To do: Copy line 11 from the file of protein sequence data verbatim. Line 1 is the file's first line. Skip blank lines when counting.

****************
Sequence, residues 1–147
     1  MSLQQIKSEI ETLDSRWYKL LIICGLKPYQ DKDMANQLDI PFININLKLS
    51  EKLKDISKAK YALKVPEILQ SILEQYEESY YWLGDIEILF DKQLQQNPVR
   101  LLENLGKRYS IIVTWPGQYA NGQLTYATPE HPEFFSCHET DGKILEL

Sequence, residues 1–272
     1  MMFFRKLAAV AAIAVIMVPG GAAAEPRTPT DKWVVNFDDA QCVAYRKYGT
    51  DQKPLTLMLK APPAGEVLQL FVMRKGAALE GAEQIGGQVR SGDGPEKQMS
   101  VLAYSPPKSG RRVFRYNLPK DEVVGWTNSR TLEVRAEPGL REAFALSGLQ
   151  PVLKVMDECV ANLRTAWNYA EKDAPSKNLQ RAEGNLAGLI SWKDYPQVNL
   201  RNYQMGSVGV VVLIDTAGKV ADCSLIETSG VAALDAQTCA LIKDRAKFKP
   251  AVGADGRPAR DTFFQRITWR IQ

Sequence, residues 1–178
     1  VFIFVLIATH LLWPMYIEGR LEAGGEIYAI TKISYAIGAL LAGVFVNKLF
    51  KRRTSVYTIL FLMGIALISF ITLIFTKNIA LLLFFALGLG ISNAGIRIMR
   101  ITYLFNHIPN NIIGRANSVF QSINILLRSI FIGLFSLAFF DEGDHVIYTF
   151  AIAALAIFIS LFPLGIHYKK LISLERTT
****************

   251  AVGADGRPAR DTFFQRITWR IQ